Concern about the quality of the Bulkley Valley’s airshed was raised at last Tuesday’s Smithers council meeting.
A delegation wanted to put a halt to any approval of industrial operations in town until an assessment of the area’s particulate matter was done. Smithers and Telkwa do not meet the provincial standard said presenters Dr. Biz Bastian and Gina LaHaye.
They came forward to speak on the application by NewPro to switch from panel board to wood pellet manufacturing, which the company said would actually reduce emissions by 94 per cent.
NewPro, or Northern Engineered Wood Products, still has an active permit to produce panel board at its Railway Avenue facility.
In applying for the permit amendment, modeling was done to predict the emissions of the plant as per Environment Ministry rules.
The application to the Town states that total particulate matter would drop from 432 to 26 tonnes per year by switching to wood pellets and changing some of the equipment inside.
Rebecca Martin of SLR Consulting works on behalf of NewPro. She said there will be an open house for anyone with questions about the operations and emissions from July 9-11. She asks that visitors call ahead at 250-562-4452 or email firstname.lastname@example.org to gauge demand on whether to call a meteorologist in.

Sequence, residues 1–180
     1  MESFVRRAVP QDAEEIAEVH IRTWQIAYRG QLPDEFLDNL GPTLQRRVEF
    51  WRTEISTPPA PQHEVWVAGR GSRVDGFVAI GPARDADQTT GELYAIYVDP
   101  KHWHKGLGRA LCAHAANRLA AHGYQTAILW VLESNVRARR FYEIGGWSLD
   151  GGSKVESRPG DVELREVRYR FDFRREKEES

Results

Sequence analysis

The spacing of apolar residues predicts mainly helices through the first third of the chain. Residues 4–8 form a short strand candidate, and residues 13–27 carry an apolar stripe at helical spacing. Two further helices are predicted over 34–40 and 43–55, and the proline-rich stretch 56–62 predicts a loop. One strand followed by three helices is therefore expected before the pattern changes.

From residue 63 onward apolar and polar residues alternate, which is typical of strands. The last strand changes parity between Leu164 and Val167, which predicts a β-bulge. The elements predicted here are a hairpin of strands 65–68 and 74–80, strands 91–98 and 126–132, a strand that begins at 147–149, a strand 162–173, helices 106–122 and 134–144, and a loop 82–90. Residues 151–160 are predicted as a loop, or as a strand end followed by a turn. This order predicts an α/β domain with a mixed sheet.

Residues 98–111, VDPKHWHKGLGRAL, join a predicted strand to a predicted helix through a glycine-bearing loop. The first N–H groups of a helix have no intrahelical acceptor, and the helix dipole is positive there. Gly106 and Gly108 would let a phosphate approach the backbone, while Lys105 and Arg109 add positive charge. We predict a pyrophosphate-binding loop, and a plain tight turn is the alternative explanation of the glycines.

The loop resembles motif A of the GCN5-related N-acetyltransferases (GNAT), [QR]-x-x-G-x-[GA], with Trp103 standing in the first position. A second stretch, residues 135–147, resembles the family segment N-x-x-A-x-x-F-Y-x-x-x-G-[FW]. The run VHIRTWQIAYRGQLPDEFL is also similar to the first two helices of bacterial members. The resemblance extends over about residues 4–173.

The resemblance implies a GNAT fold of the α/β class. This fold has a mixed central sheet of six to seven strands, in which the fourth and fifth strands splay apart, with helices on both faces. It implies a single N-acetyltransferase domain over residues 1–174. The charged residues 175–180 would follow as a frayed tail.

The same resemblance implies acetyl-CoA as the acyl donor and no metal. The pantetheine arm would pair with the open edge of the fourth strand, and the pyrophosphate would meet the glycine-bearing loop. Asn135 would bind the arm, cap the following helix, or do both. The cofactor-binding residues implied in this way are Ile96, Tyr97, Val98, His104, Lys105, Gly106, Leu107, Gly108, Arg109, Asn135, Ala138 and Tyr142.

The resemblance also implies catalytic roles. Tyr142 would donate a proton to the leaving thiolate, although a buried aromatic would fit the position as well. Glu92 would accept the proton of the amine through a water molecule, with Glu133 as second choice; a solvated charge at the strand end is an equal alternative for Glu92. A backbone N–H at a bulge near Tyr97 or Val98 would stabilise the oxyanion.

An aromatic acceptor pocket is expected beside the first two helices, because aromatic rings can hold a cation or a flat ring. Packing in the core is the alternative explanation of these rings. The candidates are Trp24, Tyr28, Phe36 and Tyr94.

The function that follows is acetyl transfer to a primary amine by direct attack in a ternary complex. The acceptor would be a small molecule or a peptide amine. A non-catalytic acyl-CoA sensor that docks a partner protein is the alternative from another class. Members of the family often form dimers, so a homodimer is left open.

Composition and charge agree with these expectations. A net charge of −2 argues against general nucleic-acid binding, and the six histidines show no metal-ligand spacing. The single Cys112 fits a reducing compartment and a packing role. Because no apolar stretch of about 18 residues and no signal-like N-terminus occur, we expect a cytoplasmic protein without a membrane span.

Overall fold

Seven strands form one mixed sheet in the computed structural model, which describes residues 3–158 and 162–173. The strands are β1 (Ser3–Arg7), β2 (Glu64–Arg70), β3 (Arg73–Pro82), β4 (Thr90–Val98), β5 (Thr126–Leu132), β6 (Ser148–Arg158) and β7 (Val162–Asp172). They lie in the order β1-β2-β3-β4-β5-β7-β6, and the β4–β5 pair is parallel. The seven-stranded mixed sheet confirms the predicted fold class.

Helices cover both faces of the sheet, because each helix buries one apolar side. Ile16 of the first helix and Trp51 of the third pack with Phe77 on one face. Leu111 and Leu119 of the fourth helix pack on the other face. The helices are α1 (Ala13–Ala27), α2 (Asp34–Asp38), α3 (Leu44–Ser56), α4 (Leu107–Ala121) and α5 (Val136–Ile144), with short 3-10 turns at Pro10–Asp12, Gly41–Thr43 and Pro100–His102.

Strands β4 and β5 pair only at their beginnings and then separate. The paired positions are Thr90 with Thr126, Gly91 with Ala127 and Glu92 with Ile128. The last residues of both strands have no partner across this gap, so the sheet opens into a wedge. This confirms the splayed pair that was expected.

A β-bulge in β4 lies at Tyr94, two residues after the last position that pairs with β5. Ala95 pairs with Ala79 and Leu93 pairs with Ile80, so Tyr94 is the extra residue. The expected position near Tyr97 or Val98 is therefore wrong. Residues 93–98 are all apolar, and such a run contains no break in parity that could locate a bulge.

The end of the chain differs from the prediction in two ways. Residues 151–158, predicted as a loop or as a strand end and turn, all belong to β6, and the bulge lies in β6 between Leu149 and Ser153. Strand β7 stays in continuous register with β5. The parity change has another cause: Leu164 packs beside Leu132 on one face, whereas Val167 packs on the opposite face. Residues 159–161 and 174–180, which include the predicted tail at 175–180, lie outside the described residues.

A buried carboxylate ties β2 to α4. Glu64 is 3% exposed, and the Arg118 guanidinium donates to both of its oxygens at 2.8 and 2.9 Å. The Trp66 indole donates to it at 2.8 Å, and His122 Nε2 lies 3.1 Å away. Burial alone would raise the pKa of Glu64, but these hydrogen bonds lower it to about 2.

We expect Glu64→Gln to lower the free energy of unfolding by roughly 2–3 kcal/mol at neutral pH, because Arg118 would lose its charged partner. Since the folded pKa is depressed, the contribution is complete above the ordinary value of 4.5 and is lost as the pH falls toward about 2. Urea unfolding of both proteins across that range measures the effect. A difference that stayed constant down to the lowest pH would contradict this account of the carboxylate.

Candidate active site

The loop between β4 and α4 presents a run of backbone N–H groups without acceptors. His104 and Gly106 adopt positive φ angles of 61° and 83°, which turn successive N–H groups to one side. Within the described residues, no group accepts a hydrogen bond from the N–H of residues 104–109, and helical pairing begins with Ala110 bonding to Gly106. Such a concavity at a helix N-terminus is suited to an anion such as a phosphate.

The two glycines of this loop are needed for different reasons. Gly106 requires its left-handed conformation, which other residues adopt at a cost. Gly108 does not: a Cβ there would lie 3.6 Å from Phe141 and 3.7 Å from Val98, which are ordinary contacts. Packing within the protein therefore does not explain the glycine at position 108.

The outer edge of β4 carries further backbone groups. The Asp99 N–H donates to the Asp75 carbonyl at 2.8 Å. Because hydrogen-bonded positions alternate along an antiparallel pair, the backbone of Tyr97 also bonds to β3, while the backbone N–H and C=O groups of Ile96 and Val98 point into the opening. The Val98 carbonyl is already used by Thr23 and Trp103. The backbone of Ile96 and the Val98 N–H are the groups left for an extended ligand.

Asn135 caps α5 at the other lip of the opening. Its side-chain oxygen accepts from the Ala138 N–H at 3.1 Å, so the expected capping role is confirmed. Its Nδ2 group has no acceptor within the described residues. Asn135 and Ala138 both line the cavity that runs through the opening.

Eri Ottersburg, an engineer and the lead modeler for emission estimates, will be at the open house tour.
Martin said agreements are being worked on with West Fraser to use Pacific Inland Resources slash piles in the plant.
“And this is not part of our modeling, this is not part of the picture of the overall health of your airshed that we’ve included in our modeling outputs, but it will be the offset that this facility will have to the slash pile burnings,” said Martin.
“This is a significant to improvement to your airshed because slash pile burning is a tremendous loading of particulates … to the atmosphere because you’re burning inefficiently.”
Martin went on to describe the dryer being used,which she said would make the plant very different than other wood pellet plants. She compared it to a similar plant in Merrit.
“They’ve been operating for almost a year now. In fact, their neighbours don’t even realize they’re operating. Media contacted the ministry recently asking when this facility is supposed to start up, and they said ‘sorry, it’s been operating for 10 months,’” said Martin.
“You’re not going to see an opaque cloud coming out of it.”
NewPro hopes to open with 30-40 employees next year, and start construction before this winter.